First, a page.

If evil does not originate with Gods, then whence? Unlike Karl Barth, who traced evil to the metaphysical drag of Das Nichtige, and unlike the contemporary thinker Gregory Boyd (whose “warfare theodicy” has some parallels wing Thiel’s approach), who ultimately appeals to the agency of a devil to account for the efficacy of evil in the world, Thiel is Content to leave the source of evil mysterious, implying that the seeming omission is more than mule up for in the gains made in rendering Christian faith coherent and commendable to morally sensitive people. Thiel insists that he does not intend to argue a dualistic perspective inconsistent with Christian faith. If evil is something unwilled by God that nevertheless haunts Creation, then evil is not necessarily something substantial. Indeed, Thiel suggests that evil might very well still be thought of as a deprivation of good, as it is in much traditional theology. But in wanting to claim that the sobering and death to which humans are vulnerable are not attributable to the direct or indirect agency of God, Thiel recognizes that he runs the risk of dualism, but he argues that it is a risk worth taking “in order to allow fin- innocent suffering to enter theological explanation and to describe cod’s saving work in such a way that remove any hint of a double will in God’s relation toward death” (98.).

Thiel admits that his hook is realty a systematic theology in nuce. Anselm famously argued that God required the death of the God-man Jesus to exhaust His anger at sinful humanity and restore His otherwise wounded sense of honor so as to free humanity horn its otherwise deserved fate. But note, says Thiel, how such a view perpetuates the idea that death is an instrument of God. Instead, Jesus-in his total innocence-should he understood as God’s innocent engagement with “precedent sin” (the evil that humans enact, the presence of which in each generation infects the succeeding one) and “precedent evil” (tile evil of human mortality and the suffering undergone because of it)-in the light of which precedent evil and sin are revealed to be the evils that they are. Jesus resurrection, in turn, is God’s pledge that life will swallow up evil and death in victory-even for those of us who are compromised by sin in ways that Jesus was not. Correspondingly, discipleship lies in the imitation of Jesus’ innocent engagement with evil on the part of his not-so-purely-innocent followers.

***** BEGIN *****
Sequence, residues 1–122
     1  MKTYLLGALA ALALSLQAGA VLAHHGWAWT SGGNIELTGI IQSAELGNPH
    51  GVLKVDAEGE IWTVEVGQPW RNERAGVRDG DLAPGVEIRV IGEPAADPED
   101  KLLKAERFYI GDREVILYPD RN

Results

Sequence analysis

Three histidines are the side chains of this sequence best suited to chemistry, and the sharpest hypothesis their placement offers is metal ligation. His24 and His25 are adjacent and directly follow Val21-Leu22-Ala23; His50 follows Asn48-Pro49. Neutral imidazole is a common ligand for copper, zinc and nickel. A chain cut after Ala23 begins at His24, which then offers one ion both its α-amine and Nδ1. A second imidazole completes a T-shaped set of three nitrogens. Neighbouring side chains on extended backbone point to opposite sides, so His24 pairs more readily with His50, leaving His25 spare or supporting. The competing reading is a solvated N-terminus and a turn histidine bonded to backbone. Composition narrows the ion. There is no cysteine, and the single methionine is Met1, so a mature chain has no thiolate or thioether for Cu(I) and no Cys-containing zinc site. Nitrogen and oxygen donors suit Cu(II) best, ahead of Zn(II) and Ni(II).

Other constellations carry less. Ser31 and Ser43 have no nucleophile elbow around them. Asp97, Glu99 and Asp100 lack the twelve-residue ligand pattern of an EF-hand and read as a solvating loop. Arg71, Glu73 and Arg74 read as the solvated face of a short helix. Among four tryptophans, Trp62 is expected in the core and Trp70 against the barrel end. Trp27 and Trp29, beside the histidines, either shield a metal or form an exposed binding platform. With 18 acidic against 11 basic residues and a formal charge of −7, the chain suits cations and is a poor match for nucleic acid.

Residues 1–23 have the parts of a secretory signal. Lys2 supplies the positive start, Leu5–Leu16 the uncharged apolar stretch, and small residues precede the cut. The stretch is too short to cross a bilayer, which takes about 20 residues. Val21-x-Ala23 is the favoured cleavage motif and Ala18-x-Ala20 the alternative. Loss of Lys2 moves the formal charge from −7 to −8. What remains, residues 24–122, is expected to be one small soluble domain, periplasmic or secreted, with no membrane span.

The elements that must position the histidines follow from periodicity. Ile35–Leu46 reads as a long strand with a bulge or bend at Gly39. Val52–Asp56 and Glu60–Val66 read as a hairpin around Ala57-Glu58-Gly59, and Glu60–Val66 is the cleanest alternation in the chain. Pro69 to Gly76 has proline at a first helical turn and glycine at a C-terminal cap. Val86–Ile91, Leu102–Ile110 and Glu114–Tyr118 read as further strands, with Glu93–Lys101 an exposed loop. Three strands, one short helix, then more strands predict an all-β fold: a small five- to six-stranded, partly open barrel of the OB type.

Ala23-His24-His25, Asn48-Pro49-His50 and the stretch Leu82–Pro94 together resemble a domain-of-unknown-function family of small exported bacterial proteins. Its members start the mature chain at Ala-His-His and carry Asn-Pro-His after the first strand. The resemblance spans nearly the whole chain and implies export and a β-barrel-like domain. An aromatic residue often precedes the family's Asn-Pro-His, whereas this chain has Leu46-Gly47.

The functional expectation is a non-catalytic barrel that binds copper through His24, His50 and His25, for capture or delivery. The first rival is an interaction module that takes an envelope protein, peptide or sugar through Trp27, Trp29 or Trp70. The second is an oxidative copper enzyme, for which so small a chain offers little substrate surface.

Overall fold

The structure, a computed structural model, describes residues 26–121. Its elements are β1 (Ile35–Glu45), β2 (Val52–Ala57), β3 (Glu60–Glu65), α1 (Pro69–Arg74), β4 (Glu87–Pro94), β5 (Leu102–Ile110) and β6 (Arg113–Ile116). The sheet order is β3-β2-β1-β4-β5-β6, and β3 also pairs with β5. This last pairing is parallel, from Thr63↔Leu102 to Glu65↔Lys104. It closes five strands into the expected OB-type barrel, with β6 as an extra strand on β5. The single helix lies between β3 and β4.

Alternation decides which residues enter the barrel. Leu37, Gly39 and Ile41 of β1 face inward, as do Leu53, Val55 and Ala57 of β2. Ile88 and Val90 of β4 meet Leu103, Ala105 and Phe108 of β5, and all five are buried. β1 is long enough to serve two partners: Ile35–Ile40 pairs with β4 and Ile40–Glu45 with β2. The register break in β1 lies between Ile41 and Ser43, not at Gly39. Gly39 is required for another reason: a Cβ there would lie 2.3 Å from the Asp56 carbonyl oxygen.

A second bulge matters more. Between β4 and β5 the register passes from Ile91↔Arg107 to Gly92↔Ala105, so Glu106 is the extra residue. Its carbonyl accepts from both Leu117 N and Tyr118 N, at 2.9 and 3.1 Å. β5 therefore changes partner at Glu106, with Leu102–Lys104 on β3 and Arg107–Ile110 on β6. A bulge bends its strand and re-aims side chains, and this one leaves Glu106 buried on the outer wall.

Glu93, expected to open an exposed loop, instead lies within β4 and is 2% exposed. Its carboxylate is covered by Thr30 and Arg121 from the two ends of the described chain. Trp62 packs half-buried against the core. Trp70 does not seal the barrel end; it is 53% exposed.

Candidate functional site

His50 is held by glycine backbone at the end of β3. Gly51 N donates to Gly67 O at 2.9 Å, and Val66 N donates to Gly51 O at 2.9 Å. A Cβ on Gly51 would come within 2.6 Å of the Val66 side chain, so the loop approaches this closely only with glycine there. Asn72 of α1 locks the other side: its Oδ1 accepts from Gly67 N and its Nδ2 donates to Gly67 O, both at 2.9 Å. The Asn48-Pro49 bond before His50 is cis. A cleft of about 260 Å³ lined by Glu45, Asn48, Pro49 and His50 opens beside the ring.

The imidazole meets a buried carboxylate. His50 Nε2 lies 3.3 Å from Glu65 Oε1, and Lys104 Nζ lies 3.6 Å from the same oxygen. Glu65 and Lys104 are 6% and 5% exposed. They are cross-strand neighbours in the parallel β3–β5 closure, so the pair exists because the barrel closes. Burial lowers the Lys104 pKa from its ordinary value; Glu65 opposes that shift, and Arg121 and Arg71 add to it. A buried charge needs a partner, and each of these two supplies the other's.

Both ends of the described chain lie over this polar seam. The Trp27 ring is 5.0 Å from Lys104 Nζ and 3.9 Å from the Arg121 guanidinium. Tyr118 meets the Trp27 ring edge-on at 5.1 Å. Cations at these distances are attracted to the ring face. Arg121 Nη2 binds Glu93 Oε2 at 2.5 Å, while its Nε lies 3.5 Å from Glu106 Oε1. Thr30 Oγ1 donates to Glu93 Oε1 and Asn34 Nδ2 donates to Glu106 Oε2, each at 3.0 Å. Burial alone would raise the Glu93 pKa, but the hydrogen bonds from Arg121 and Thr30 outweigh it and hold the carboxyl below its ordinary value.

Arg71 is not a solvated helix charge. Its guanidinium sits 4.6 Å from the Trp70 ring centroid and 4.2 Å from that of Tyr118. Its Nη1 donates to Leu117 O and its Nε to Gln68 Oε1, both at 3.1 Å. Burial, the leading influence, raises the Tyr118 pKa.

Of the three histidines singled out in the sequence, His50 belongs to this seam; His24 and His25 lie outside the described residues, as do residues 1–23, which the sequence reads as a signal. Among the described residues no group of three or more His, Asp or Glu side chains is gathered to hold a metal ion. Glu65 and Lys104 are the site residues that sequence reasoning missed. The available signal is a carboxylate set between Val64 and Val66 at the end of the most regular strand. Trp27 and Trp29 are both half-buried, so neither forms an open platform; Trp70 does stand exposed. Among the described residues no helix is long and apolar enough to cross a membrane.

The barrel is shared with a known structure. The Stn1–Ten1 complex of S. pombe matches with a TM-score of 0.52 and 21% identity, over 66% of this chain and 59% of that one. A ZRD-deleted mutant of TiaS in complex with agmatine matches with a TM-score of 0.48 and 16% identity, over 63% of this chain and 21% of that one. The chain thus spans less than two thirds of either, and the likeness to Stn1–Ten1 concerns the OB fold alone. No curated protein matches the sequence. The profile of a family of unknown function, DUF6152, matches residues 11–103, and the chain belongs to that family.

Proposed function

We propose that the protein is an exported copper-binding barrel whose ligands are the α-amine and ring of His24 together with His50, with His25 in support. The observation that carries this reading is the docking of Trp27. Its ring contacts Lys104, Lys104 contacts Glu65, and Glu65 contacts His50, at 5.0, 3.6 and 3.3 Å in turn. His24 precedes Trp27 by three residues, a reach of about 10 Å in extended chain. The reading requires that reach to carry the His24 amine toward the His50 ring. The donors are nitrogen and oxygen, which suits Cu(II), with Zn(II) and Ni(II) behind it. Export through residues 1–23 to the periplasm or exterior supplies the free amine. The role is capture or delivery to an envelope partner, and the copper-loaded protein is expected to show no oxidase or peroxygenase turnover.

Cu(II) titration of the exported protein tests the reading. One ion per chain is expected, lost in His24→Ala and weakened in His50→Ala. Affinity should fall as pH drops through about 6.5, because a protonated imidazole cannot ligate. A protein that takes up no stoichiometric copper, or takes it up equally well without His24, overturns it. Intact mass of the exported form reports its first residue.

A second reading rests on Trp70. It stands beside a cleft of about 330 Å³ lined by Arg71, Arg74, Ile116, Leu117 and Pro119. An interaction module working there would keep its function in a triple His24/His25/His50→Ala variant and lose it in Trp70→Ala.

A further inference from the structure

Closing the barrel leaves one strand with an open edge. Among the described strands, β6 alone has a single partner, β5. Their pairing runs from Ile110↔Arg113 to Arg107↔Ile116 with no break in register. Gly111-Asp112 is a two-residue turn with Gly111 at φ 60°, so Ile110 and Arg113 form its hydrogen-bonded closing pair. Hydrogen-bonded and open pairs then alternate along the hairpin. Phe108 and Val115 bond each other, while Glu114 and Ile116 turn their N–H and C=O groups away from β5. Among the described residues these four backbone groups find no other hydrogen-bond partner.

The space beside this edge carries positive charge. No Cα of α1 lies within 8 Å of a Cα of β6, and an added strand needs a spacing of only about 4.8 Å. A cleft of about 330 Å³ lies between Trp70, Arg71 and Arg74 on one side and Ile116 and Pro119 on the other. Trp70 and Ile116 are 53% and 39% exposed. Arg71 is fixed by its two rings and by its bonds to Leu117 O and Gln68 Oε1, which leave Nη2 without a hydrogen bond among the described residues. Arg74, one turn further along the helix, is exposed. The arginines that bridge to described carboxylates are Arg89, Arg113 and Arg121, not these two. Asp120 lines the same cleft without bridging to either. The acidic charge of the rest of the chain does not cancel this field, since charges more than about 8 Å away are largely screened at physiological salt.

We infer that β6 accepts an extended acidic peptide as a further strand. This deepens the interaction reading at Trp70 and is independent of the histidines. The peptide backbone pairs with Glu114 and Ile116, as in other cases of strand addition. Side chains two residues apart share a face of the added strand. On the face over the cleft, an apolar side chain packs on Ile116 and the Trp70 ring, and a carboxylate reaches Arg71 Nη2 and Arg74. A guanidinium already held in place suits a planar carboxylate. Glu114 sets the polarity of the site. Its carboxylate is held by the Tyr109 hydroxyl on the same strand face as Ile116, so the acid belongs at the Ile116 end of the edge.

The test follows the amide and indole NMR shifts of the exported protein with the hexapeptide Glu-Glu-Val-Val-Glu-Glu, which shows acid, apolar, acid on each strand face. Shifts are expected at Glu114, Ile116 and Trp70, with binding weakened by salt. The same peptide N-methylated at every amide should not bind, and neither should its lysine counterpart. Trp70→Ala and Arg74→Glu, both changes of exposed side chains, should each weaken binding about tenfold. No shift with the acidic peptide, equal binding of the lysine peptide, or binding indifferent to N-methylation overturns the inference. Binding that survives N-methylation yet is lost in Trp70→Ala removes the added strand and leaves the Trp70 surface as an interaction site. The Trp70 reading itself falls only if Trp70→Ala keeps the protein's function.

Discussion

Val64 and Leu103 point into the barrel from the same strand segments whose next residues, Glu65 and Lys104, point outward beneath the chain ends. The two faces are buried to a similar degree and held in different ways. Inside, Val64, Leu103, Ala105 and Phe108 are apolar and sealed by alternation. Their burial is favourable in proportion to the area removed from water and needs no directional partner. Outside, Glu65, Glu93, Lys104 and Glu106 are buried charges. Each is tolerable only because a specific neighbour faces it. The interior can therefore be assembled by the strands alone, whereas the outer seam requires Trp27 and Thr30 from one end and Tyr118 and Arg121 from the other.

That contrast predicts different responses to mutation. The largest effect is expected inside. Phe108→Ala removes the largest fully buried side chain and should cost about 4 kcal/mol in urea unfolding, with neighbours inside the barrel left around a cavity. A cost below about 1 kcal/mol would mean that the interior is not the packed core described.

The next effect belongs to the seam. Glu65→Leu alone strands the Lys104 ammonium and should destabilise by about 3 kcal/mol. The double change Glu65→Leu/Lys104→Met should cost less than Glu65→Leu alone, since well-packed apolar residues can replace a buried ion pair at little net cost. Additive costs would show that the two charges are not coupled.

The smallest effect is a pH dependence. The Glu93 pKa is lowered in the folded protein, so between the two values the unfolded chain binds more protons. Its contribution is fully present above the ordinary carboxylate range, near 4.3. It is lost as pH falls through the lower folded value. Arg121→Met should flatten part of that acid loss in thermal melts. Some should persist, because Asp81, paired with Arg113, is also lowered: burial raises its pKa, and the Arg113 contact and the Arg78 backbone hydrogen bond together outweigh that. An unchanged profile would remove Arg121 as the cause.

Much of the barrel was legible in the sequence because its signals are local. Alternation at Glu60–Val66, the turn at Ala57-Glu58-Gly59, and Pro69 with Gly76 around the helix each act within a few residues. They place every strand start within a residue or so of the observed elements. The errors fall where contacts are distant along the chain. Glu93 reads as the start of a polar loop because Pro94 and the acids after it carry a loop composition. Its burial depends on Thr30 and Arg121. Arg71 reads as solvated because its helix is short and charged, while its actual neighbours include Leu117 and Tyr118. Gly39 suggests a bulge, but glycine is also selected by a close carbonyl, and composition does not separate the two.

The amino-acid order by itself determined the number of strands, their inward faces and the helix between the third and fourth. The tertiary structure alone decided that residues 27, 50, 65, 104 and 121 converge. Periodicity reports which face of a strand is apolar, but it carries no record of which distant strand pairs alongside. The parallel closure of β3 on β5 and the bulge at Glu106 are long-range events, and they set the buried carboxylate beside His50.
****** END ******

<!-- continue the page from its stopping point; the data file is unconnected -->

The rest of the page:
The brevity of this very persuasive and clearly argued book belies its weight and significance. It answers to the need to begin to speak of God in ways that avoid the attribution of divine complicity in evil and death. AS such, it deserves a place on the bookshelf of every Contemporary theologian and a place on the syllabus for every course in contemporary ideas of God and the problem of evil. Some years ago, the philosopher James Muyskens called for an authentic theology of hope. John F. Thiel has finally given us one.